It may be asked :—“Shall educators yield to popular demands ? Shall they not rather rise above the clamor of the hour and educate public sentiment to loftier standards ?” It may be answered that education is already above temporary clamors, but a permanent, persistent popular demand must be respected, and is often, in the end, recognized to be right. The teacher dismisses his retiring pupil at the school-room door, there stops to receive the coming generation, and devotes his accumulating experience to devise improved methods for imparting again the same instruction. The parent looks to his son to note in his life the results of his training. The public looks at its citizen, and begins the observation where the teacher left it off. If it finds defects of judgment, false views of life, a mind misled or dazzled, a character warped, or deformed, and his career a failure, it accuses the teacher, and tries the system by its results.

By its results then, let us try some of those systems which have overstepped their proper and natural limits. We will select two examples, opposite extremes :—1st, The system in which the literary element has predominated to the exclusion of the practical and scientific, and 2nd, the system in which the practical, tending to the scientific, has excluded literary and æsthetic culture. The literary is found to predominate, usually in those systems, where education was built from the top, where the college preceded the school, extending its influence downwards. The men who thus from the College-Hall regulated the light which should flow into the minds of future generations were usually men of the purest character, and most eminent attainments. The tone of education partook of their inspiration, and their system has produced a larger proportion of men eminent for integrity, eloquence, and patriotism than, perhaps, any other system. On the other hand, it has produced a larger proportion, perhaps, than any other system, of men whose lives have been failures. It has failed to comprehend the wants of popular education, and has exercised a depressing effect upon the material interests of the country. Ignoring all popular demands, it aimed to educate public sentiment to its own standards. Animated by an injudicious enthusiasm, it forgot that we need only a class of literary men, and directed all the talent of the country into literary, political, or professional channels, while the producing interests were overlooked or degraded. What result must follow? Its young men look to the learned professions, to politics, and literature, as the old Roman looked to the army, as the only avenue to honor and distinction. They emigrate to find abroad a field for their talents, while the population of their community is depleted by the fatal drain, and all its material interests languish. This system has stimulated too greatly the imagination and ambition, and has invited all to be great men. Too often the teacher proud of the pupil, the parent proud of the child united their influence to influence those very passions which it should be their province to soothe. Thus, with intellect unmatured, with imagination and ambition on fire, he rushes into life, too often to find disappointment deep and withering. On his graduating day we hear his maiden speech. Shrinking from censure, yet longing for applause, he presents himself to the ordeal of criticism. His discourse is replete with images about "the light which shines on Fame's proud temple,” and “the eagle soaring to the sun.” We overlook its extravagance, and forgive its faults. His audience would be cold indeed, and unfeeling, if they refused their plaudits. Having once tasted the sweet savor of applause, we view him next, with kindling appetite, in popular assemblies seeking a conspicuous place. He devours the lighter literature, and his mind withdrawn from all useful, or practical pursuits, seeks only that which can yield excitement or applause. If honors fail to come as they cannot come to all, he begins to fancy himself an unappreciated genius or the sport of fortune, and we see with regret the bright boy of yesterday degenerate into the disappointed politician, the misanthropist, the blighted man.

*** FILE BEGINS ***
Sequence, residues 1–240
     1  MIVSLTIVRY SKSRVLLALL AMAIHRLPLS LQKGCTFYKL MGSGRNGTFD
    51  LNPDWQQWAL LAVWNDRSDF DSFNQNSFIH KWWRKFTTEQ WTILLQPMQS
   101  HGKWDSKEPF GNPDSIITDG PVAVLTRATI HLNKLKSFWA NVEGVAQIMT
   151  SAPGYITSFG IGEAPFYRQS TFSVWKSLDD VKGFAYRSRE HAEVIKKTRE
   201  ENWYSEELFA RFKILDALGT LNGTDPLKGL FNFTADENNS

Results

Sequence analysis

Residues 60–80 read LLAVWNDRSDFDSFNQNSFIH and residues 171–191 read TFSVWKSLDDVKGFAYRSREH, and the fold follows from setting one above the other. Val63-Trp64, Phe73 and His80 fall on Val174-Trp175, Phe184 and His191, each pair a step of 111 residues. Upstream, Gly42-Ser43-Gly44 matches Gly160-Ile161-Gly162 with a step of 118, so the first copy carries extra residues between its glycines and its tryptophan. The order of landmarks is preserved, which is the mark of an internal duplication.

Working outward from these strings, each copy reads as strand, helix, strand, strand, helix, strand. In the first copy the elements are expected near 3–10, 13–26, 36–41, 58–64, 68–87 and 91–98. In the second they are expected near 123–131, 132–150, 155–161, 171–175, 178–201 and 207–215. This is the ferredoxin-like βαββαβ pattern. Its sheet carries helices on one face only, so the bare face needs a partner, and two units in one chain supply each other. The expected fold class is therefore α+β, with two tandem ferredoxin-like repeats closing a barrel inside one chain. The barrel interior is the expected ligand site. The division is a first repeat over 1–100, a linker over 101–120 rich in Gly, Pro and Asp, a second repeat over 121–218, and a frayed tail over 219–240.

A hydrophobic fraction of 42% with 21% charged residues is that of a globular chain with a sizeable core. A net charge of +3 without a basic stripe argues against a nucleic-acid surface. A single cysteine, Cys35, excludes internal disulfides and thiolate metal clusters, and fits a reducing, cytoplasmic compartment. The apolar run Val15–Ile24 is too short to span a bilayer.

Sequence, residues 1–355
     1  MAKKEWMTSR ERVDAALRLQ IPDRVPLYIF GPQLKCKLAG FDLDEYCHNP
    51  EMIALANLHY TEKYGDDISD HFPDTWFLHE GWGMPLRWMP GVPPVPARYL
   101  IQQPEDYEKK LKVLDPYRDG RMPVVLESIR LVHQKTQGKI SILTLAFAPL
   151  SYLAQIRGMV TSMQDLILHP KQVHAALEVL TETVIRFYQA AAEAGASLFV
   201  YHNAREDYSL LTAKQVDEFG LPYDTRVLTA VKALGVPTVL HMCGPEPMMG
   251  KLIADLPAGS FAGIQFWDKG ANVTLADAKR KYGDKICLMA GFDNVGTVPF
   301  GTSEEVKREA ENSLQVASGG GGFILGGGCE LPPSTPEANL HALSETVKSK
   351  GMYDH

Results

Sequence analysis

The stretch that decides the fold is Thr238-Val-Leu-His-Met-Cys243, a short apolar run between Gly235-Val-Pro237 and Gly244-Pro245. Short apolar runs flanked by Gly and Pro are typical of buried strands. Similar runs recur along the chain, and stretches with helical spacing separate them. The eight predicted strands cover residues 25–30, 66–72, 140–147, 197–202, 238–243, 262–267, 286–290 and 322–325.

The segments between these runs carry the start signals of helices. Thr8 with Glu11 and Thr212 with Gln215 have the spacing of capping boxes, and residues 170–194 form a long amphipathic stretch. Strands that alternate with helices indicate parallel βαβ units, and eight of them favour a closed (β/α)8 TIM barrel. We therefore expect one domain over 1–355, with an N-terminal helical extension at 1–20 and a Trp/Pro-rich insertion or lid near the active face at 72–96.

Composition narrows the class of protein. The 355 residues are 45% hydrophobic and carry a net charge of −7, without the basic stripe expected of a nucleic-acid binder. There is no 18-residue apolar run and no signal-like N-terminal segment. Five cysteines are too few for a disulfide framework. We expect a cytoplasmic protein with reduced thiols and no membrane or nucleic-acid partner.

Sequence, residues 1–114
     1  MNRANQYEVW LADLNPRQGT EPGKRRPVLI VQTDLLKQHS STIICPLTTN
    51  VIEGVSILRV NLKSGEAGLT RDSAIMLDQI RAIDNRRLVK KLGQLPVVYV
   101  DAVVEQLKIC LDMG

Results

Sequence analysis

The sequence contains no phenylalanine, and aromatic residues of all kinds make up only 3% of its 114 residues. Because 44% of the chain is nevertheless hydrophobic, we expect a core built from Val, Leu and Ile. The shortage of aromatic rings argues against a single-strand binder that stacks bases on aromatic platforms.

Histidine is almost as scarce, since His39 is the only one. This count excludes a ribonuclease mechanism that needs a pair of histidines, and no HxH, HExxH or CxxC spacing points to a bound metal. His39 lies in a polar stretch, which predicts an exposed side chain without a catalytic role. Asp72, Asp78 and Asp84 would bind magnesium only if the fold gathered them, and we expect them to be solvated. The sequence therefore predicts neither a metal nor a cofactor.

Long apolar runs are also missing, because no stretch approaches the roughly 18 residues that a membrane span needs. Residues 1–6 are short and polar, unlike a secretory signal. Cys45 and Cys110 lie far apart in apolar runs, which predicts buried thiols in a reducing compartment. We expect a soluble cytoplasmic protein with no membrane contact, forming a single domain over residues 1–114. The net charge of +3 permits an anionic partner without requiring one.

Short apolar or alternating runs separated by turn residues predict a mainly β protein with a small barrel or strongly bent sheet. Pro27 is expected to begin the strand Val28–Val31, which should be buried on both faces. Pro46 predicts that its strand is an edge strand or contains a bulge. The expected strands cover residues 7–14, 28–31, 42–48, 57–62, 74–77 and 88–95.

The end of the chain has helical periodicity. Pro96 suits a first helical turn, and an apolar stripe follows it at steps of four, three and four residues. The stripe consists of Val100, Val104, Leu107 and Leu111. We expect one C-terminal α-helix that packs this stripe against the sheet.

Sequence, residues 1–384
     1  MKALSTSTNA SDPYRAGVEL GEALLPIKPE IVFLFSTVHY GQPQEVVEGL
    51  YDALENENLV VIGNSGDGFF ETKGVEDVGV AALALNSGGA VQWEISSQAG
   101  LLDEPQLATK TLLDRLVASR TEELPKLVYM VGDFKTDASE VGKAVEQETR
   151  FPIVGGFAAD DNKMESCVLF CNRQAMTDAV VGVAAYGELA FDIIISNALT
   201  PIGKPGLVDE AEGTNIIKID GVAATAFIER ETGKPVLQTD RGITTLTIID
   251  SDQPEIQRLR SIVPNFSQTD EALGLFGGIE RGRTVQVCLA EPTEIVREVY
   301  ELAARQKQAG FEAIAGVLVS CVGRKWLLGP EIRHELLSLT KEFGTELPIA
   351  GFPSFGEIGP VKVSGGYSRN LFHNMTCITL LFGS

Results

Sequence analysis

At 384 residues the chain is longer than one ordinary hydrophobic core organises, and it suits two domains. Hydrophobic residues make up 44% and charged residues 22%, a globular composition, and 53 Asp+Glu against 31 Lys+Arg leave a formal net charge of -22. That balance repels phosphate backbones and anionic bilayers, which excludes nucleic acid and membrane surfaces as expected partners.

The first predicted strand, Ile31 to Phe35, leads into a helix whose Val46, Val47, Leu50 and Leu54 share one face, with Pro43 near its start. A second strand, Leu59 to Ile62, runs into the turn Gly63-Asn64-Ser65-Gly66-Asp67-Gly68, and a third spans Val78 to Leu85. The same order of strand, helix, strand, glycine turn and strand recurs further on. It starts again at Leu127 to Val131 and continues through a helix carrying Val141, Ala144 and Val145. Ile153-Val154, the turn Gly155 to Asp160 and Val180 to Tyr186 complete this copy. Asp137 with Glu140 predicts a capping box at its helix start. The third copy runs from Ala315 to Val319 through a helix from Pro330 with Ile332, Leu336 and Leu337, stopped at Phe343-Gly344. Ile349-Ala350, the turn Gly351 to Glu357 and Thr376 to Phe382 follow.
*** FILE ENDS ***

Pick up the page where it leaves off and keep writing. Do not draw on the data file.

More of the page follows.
Let us look at another product of this system. The large class, whose means were limited, and who could devote but a few years to their education, found, in many cases, no schools provided for them, and in general, schools totally unsuited to their wants. These schools, aiming only to · prepare for a college course, were not a whole within themselves. The pupil found Latin and Greek laid as a probibition on his efforts to acquire a knowledge of his own tongue, or any useful information. He left school with incomplete fragments of knowledge, and a mind dazzled and confused, and was told that it must be finished off at college. No wonder, that under such a system, many thoughtful men have doubted the benefits of education. I have dwelt on this system, because its faults are less easily detected, and less freely admitted," and even its failings lean to virtue's side.”

We may briefly examine the opposite system. Those systems may be said to be built from the bottom, where the primary school has followed close upon the heels of the pioneer, has grown with the development of the country, and expanded into higher education in direct response to popular demand. Education co-inciding with public sentiment has directed all the talent of the country into practical channels, has promoted practical science, and stimulated the producing industries. In such countries, for the most part a rapid material development is witnessed, accompanied by a lack of the refinements of intellectual, aesthetic, and moral sensibilities, which distinguish literary communities. Moral and aesthetic